This Month in FIRE History: College Refuses to Allow Student to Distribute PETA Literature

By on July 1, 2010

As June came to a close, I took a look back to June of 2005, when FIRE reported a free speech victory after Florida’s Seminole Community College (SCC) attempted to forbid student Eliana Campos from distributing literature protesting what she saw as slaughterhouse brutality. An administrator initially refused to honor Campos’ constitutional rights because the source of the literature (People for the Ethical Treatment of Animals, or PETA) "instill[ed] a feeling" in her that she did not like. She told Campos that she would only be allowed to "stand and speak freely" about her beliefs in the college’s tiny and ill-defined "free speech area."

Only a few hours after FIRE took the case public, SCC agreed to respect Campos’ civil liberties and allowed her to distribute the PETA literature. 

FIRE wrote in its letter to SCC at the time: 

It is essential to remember that the special function of a college or university as a whole, in any free society, is to serve as the ultimate "free speech zone."  A college that is serious about providing its students with a true education should be seeking at all times to expand open discourse, to develop intellectual inquiry, and to engage and challenge the way people think.  By limiting free speech to a small fraction of the campus, SCC sends the message that speech is to be feared, restrained, and monitored.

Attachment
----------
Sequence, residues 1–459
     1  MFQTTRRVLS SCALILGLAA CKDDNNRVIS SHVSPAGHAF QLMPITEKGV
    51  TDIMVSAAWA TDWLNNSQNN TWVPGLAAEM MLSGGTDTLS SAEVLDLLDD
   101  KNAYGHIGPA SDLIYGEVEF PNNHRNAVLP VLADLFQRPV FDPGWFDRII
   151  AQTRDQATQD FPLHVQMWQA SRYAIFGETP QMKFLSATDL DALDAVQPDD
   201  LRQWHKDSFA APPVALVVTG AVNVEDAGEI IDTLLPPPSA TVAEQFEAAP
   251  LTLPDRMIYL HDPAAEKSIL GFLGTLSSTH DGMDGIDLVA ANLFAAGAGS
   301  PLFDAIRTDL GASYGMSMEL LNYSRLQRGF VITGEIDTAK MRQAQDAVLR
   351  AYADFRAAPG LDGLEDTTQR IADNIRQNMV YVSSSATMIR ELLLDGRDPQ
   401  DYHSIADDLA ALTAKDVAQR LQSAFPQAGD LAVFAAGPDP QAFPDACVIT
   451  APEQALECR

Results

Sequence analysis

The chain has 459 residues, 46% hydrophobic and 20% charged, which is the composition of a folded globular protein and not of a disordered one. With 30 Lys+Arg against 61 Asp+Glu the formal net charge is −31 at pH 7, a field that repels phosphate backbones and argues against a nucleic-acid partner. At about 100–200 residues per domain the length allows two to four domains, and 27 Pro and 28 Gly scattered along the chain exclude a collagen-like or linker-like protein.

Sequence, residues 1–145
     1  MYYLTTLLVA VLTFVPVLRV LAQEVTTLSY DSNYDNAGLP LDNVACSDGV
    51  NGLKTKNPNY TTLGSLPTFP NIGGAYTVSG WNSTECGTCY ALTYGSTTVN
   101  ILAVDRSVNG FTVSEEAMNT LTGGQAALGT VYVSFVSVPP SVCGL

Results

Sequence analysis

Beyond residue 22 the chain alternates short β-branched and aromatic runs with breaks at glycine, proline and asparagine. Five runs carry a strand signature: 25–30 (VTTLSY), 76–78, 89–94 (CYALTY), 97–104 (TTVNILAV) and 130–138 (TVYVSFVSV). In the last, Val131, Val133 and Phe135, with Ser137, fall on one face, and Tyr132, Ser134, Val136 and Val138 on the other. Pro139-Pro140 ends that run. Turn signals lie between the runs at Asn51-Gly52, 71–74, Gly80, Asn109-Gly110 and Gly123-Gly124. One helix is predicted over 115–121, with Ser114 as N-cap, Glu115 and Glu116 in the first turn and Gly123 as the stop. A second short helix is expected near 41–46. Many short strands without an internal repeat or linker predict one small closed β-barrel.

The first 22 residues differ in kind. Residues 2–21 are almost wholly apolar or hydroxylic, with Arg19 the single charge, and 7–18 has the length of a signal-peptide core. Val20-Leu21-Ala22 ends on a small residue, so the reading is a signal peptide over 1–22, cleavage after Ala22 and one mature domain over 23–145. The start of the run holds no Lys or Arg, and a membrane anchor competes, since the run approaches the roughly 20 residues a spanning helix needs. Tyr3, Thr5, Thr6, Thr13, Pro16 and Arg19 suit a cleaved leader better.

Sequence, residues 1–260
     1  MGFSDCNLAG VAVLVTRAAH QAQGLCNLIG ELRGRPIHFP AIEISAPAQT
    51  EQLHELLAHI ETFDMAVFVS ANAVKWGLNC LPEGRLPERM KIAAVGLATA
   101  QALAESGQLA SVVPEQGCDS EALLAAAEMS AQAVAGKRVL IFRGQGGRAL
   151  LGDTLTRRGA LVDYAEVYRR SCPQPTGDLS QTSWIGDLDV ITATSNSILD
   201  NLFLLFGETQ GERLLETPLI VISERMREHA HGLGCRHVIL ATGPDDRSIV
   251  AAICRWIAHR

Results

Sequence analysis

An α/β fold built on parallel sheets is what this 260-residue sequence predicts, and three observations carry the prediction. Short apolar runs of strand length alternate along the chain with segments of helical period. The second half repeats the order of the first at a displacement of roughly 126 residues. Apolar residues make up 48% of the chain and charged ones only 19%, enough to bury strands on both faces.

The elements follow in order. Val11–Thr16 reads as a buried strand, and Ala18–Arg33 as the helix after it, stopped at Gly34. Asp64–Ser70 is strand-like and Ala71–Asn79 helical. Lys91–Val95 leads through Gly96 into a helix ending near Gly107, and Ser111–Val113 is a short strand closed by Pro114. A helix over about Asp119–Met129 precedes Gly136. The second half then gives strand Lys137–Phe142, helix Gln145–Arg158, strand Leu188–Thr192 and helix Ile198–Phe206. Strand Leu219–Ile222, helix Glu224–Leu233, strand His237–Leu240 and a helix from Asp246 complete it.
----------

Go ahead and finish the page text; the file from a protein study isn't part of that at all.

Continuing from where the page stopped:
Of course, free speech zones remain repressive on campuses across the country. FIRE has defeated similar free speech zones at the University of North Carolina at GreensboroWest Virginia University,University of Nevada at RenoCitrus College in California, and Texas Tech University, among others.